# plot gravity contours at 20 mGal intervals, 50 mGal contours as greed
            fig.grdcontour(grid='', interval='20', projection='M14c')
            fig.grdcontour(grid='', interval='10', limit='49/51', pen='thin,green', projection='M14c')
            # Save 50 mGal contours to individual files and delete the open contours files (with 'O's)
            !gmt grdcontour -C10 -L49/51 -Dsm_%d_%c.txt
            for f in glob('*O.txt'):
            # plot coastline and land    
            fig.coast(resolution='i', land='gray', shorelines='thinnest', projection='M14c')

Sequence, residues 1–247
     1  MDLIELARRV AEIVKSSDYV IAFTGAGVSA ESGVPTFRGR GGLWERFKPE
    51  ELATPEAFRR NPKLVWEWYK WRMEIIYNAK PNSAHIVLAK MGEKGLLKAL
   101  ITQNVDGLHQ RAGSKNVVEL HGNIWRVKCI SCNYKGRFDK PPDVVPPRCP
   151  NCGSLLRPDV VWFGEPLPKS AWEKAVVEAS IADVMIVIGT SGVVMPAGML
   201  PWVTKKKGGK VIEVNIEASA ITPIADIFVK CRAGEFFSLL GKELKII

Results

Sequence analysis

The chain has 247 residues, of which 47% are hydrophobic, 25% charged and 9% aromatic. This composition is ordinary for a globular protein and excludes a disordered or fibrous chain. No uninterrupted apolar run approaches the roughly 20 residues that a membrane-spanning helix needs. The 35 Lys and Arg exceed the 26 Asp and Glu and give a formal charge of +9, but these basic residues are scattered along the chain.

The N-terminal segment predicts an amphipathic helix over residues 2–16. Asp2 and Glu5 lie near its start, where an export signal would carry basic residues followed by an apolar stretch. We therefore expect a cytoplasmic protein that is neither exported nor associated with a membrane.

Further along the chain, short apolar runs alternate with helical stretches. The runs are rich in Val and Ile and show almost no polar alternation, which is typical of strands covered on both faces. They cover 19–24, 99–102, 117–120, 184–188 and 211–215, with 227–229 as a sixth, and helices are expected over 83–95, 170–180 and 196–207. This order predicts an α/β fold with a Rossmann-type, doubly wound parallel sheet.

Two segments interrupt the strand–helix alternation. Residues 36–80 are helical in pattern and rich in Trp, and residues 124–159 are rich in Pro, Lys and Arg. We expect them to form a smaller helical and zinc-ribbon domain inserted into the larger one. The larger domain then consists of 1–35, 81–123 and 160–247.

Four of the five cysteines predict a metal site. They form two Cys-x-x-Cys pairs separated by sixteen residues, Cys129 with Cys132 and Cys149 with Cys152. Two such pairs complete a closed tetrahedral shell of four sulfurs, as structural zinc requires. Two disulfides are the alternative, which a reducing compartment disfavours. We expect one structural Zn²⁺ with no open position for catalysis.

# plot 400km circle
            fig.plot(data='pratt.txt', style='E-', pen='thinnest', projection='M14c')
            # use 50 mGal closed contour files to calculate area within each contour and centroid location, output to centers.txt
            # I couldn't figure out how to get sm_*_.txt to work. 
            !gmt spatial -Q -fg sm_0_C.txt sm_1_C.txt sm_2_C.txt sm_3_C.txt sm_4_C.txt sm_5_C.txt sm_6_C.txt sm_7_C.txt sm_8_C.txt sm_9_C.txt sm_10_C.txt sm_11_C.txt sm_12_C.txt sm_13_C.txt sm_14_C.txt sm_15_C.txt sm_16_C.txt sm_17_C.txt sm_18_C.txt sm_19_C.txt sm_20_C.txt sm_21_C.txt sm_22_C.txt sm_23_C.txt sm_24_C.txt sm_25_C.txt sm_26_C.txt  > centers.txt
            # select 50 mGal closed contours within 200 km of Pratt and save to centers_close.txt
            !gmt select -Cpratt.txt+d200k centers.txt -fg > centers_close.txt
            # plot seamounts withing 200km of Pratt and plot Pratt itself